“‘Like two ribbons, still woven although we are fraying.” One of the most accurate barometers of a true friendship is how well it stands the test of time and if it remains strong throughout battering hardships. A friendship that begun during childhood is easier to maintain in its infancy because of the likelihood that your presence is mutually maintained in the same school or same neighbourhood, whilst there’s also the lack of commitments and responsibilities elsewhere to hinder it’s strength. Rosa Walton and Jenny Hollingworth demonstrated their unyielding telepathic bond as 15-year-olds on Let’s Eat Grandma’s wonderfully unsettling debut I Gemini (which felt like spying into a secret forbidden world that only the two inhabited) and it was forgivable to mistake them for twins, due to their identical hairstyles and outfits. However, since their follow-up album I’m All Ears in 2018, a lot has happened to Walton and Hollingworth outside of their pact, including deaths, break-ups and sexual epiphanies. The Norwich-formed duo’s third LP Two Ribbons documents the factors and how these factors have impacted upon their devotion to each other.
The record, which is a mix of Chvrches-style euphoric synth-pop with hints of U2-coloured alternative rock production and more mellow yet atmospheric acoustic moments a kin to Alanis Morisette, has a surprisingly notable change in songwriting methodology. Rather than writing together, Walton and Hollingworth have songs exclusively written by themselves. It’s as if they are sending resilient far-travelling paper airplanes through each other’s apartment windows with their feelings scribbled inside. There’s still a bond there, even if there is a physical distance forming, as Walton moved to London and Hollingworth still remains in Norwich.
Although it has a sparkling and uplifting sound, ‘Watching You Go’ is Jenny Hollingworth coming to terms with the tragic young death of her 22-year-old boyfriend and fellow musician Billy Clayton, who passed away from a rare bone cancer. The feeling of helplessness and not knowing what to do is expressed in the lines: “this rage trapped inside” and “as you’re tearing at the touch like butterflies”. Then Hollingworth became understandably distant from those close to her, including best friend Rosa Walton, but she had to tell herself not to give up, after occasionally wishing to go “back in the earth sometimes. Surrender to the sky”. Instead choosing not to stay indoors all the time and not to waste her life. The fact that pioneering pop musician SOPHIE died as well during this epoch (SOPHIE co-produced Let’s Eat Grandma’s previous album I’m All Ears and has been a major influence in the duo’s unorthodox pop decisions) makes it seem like this song could also be partly dedicated to her.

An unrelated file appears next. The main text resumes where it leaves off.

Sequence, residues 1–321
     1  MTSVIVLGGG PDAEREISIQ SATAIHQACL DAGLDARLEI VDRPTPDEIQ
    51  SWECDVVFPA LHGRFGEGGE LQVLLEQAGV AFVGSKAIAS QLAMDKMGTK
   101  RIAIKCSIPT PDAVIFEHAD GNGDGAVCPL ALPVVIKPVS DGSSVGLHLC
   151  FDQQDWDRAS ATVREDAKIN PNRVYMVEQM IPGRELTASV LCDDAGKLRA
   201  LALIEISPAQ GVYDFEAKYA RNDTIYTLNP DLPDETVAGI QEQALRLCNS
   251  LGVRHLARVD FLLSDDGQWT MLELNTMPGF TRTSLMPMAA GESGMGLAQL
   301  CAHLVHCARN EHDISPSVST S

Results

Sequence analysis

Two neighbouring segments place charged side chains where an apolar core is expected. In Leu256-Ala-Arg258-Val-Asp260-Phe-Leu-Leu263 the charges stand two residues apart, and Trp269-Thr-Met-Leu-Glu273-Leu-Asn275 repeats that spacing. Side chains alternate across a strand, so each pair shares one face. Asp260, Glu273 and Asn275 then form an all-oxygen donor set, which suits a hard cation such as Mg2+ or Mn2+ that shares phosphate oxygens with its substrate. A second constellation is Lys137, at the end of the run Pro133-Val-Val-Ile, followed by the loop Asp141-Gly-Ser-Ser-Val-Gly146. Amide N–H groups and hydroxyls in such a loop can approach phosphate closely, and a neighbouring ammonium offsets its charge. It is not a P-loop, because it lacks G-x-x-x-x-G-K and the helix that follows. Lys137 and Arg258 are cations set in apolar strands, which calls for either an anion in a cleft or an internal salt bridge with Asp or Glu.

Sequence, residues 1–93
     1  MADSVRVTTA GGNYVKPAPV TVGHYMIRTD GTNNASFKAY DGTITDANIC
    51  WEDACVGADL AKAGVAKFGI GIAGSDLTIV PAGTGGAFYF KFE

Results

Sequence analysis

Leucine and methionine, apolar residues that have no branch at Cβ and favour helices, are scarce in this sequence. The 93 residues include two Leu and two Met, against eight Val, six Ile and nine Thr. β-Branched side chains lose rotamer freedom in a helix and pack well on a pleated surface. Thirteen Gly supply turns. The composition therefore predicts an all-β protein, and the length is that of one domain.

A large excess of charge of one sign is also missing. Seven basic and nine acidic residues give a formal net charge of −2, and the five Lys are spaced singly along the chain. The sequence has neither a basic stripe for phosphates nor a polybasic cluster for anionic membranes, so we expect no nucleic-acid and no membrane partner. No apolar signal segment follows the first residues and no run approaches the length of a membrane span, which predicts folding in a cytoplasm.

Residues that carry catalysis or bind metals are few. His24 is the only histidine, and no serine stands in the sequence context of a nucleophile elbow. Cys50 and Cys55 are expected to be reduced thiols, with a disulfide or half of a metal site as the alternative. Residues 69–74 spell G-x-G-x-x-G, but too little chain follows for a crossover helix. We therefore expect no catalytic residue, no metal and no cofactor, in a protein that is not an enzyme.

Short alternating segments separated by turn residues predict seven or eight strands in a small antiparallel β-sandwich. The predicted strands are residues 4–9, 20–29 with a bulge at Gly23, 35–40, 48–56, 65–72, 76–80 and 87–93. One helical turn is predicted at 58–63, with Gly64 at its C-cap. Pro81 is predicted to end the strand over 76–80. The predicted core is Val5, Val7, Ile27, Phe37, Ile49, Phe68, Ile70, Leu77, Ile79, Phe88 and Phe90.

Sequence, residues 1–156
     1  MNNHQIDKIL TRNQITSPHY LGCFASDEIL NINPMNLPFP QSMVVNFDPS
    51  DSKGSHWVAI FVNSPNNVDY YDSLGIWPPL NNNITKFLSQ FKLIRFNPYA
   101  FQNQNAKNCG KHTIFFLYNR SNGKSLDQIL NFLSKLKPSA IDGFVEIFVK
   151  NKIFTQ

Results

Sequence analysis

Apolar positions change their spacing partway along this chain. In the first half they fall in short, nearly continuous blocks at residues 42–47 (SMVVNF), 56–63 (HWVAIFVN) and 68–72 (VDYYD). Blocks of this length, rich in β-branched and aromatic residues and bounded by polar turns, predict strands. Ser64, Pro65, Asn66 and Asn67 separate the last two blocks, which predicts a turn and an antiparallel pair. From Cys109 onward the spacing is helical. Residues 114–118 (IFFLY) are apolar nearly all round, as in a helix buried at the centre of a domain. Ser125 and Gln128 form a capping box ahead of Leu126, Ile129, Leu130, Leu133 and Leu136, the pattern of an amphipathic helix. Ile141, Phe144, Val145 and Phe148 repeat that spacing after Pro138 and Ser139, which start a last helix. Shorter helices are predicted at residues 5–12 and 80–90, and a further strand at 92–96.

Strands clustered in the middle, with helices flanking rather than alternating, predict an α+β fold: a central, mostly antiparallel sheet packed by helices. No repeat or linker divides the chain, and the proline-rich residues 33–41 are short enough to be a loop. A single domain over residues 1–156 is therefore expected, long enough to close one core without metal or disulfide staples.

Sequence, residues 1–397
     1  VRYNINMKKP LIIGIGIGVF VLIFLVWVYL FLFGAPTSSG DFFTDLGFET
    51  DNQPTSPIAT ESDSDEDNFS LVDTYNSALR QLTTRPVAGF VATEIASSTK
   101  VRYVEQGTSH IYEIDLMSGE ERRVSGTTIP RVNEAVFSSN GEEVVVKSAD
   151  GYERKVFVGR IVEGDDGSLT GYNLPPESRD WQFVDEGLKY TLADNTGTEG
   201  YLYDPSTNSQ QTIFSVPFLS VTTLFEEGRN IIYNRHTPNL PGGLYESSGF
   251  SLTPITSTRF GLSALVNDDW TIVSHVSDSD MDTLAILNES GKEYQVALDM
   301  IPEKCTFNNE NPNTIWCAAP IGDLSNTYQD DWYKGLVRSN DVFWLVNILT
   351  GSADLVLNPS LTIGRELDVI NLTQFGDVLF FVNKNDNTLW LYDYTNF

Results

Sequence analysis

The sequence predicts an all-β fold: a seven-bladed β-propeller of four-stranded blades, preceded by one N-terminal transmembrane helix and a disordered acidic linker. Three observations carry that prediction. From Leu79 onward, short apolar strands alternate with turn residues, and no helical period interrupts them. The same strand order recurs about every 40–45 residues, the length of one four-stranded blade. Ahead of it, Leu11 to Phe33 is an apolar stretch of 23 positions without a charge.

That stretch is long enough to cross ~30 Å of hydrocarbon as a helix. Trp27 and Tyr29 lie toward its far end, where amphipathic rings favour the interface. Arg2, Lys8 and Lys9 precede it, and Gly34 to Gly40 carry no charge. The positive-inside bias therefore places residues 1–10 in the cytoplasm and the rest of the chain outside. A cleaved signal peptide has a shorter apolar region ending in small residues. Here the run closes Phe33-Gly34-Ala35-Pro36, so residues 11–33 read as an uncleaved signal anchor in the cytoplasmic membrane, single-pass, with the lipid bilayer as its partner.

‘Hall of Mirrors’ – which features a soothing saxophone in its bridge – is Rose Walton writing about her first experiences in London. Originally feeling a sense of regretful alienation (especially being away from Hollingworth): “Raining down. Sat on the overground. I’m cold to the bone. In this lonely town”, it actually became an enlightening experience that explored her bisexuality: “And I thought of you. And there wasn’t a girl that had made me shy until I talked to you. Somewhere in the night with a spell in your eyes/ And it was all about you/ The moment in time when our shadows collided and I told the truth.”
Taking a break from the bustling synth pop is ‘Sunday’, which could imagine one escaping city life and retreating to a cabin near a lake. It has a sweet 1990s singer-songwriter-Dawson’s Creek-vibe, as Rose Walton sings about the break-up of her long term relationship. The descriptive details of walking around mountains, laying down by the water and the sun setting over their bed paints the surroundings of their peaceful idealistic companionship but one that is slowly but ominously going to fall apart. “Yeah, we can play truth or dare and you can tell me what’s going inside your head/Guess I’ve been hanging on ’cause I didn’t wanna watch it fall away.”
No matter what has happened in Rose Walton and Jenny Hollingworth’s lives separately, the best friends still wish to re-glue the bond that they once had, holding on with some childhood nostalgia (“Remember when we built that igloo out in the park?”) but with a developed sense of maturity they accept that this friendship will be different. A change that can embraced. ‘Happy New Year’ – which includes sounds of fireworks is Let’s Eat Grandma welcoming the new dawn of their friendship: “I’m okay with this. I’m thinking quite a lot about that. How I’d wanted the old us back.. It’s okay. To say what you want to say. And now we’ve grown in different ways.” A lesson for listeners that transitory evolution, whether in friendship or otherwise, isn’t something to be apprehensive about.